Here's the latest information on the London Underground Bombing
This morning at 8:20 am, an improvised explosive device (IED) detonated in the London Underground, on a train departing the Parsons Green station. 22 people have been hospitalized for their injuries, and no one has been killed. "Walking wounded" people were spotted all throughout the area by medical workers, mostly with minor wounds or burns. Thankfully it appears that the bomb has not taken lives, though the extent of serious injury is unknown. No suspect has yet been apprehended.
Natalie Belford, a 42-year-old hairdresser, described the experience of the explosion: “The train was packed, and I was down [on] the other side of the carriage standing up, looking at my phone and then I heard a big boom and felt this heat on my face. I ran for my life, but there was no way out. The doors were full of people and the carriage was too packed to move down.”
The footage below, of a flaming bucket, has gained much attention on social media. It is quite large, so whoever left it on the train would be hard-pressed to have gone entirely unnoticed.
Sadiq Khan, the mayor of London, took to Facebook to deliver a public statement:
"The Metropolitan Police have confirmed that the explosion on a train at Parsons Green Station this morning is being treated as terrorism.
"Our city utterly condemns the hideous individuals who attempt to use terror to harm us and destroy our way of life.
"As London has proven again and again, we will never be intimidated or defeated by terrorism."
As Khan said, the attack is indeed being considered an act of terrorism. This would make it the fifth terror attack in London this year, following multiple van and knife attacks, as well as a suicide bombing.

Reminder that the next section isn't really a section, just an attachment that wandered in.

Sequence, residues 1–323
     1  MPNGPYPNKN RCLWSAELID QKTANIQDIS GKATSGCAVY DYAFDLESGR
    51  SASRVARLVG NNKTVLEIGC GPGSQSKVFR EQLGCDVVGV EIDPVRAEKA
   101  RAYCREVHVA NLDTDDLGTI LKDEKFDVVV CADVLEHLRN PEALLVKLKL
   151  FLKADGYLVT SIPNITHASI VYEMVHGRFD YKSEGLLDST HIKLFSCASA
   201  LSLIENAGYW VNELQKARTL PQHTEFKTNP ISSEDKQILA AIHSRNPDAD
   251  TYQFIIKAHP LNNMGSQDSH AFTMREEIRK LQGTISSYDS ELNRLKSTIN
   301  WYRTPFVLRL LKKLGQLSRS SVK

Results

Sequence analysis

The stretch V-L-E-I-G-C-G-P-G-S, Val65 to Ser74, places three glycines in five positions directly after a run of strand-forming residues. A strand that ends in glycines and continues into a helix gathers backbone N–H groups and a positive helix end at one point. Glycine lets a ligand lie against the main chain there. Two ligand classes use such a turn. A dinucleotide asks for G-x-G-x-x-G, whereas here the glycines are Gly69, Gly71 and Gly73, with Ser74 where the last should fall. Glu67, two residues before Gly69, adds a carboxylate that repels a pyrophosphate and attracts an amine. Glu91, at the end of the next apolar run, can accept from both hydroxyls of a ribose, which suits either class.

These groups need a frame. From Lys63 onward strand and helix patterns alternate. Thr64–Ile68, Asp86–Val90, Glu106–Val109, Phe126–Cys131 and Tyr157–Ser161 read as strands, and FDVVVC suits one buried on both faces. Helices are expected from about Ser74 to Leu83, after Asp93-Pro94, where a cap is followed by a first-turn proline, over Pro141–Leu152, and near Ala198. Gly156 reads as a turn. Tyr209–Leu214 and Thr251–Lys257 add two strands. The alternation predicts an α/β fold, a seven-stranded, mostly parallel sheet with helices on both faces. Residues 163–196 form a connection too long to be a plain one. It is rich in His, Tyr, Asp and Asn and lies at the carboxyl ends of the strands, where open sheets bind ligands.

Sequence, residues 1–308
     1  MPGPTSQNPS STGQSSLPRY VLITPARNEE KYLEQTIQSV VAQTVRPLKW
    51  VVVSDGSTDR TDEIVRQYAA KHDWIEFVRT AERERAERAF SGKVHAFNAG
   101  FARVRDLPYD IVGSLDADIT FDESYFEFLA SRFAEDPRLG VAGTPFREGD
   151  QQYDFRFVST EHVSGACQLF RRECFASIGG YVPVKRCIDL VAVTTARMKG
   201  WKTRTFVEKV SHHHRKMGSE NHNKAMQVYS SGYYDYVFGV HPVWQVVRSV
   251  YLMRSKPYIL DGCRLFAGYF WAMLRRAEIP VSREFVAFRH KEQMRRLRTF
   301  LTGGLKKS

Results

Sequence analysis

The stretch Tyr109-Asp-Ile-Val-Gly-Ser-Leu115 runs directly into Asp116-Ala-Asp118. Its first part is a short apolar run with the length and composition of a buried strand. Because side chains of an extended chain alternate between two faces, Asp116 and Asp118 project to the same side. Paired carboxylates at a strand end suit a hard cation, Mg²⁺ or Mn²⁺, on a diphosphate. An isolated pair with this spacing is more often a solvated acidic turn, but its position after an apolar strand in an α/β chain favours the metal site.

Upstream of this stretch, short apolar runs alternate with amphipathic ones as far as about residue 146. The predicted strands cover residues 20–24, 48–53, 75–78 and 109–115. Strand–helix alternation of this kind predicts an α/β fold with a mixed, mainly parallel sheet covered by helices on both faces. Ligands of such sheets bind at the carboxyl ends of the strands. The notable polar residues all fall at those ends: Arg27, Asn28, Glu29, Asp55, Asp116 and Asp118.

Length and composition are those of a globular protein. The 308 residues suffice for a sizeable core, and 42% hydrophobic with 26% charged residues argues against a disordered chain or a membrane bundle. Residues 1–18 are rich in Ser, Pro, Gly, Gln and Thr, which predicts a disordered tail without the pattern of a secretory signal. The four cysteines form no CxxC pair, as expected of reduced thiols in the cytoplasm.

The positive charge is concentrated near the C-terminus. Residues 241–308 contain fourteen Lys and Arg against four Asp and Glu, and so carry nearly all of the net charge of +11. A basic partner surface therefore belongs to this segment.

President Trump has been vocal on Twitter since the explosion, calling out 'loser' terrorists in his typical fashion.
British Prime Minister Theresa May was lukewarm on Trump's statement, saying that “I never think it’s helpful for anybody to speculate on what is an ongoing investigation.”
Trump went on to say that the attack proves the need for his 'travel ban'.
It is true that many terror suspects are fingered and profiled by intelligence agencies prior to their attacks. The Boston bombers, famously, had already been interviewed multiple times by the FBI ahead of their decision to bomb the Boston marathon.
The city of London remains on a "heightened police presence" in the wake of the bombing.
A 23-year-old student told The New York Times how he felt at the time of the explosion:
“I had my headphones on, then I felt a kind of vibration, followed by a wave of heat, and I looked down and the whole carriage was in flames. I just got up and ran, but the carriage door was jammed with people. Everyone was screaming and trying to get out, people had blood on them everyone was pushing. It was like a stampede.
“I didn’t see any suspicious-looking people, or the bucket that’s on the media. I just saw flames and you think the worst. You think bomb. Terrorism.”
We will update as more information becomes available, such as the identity of the bomber.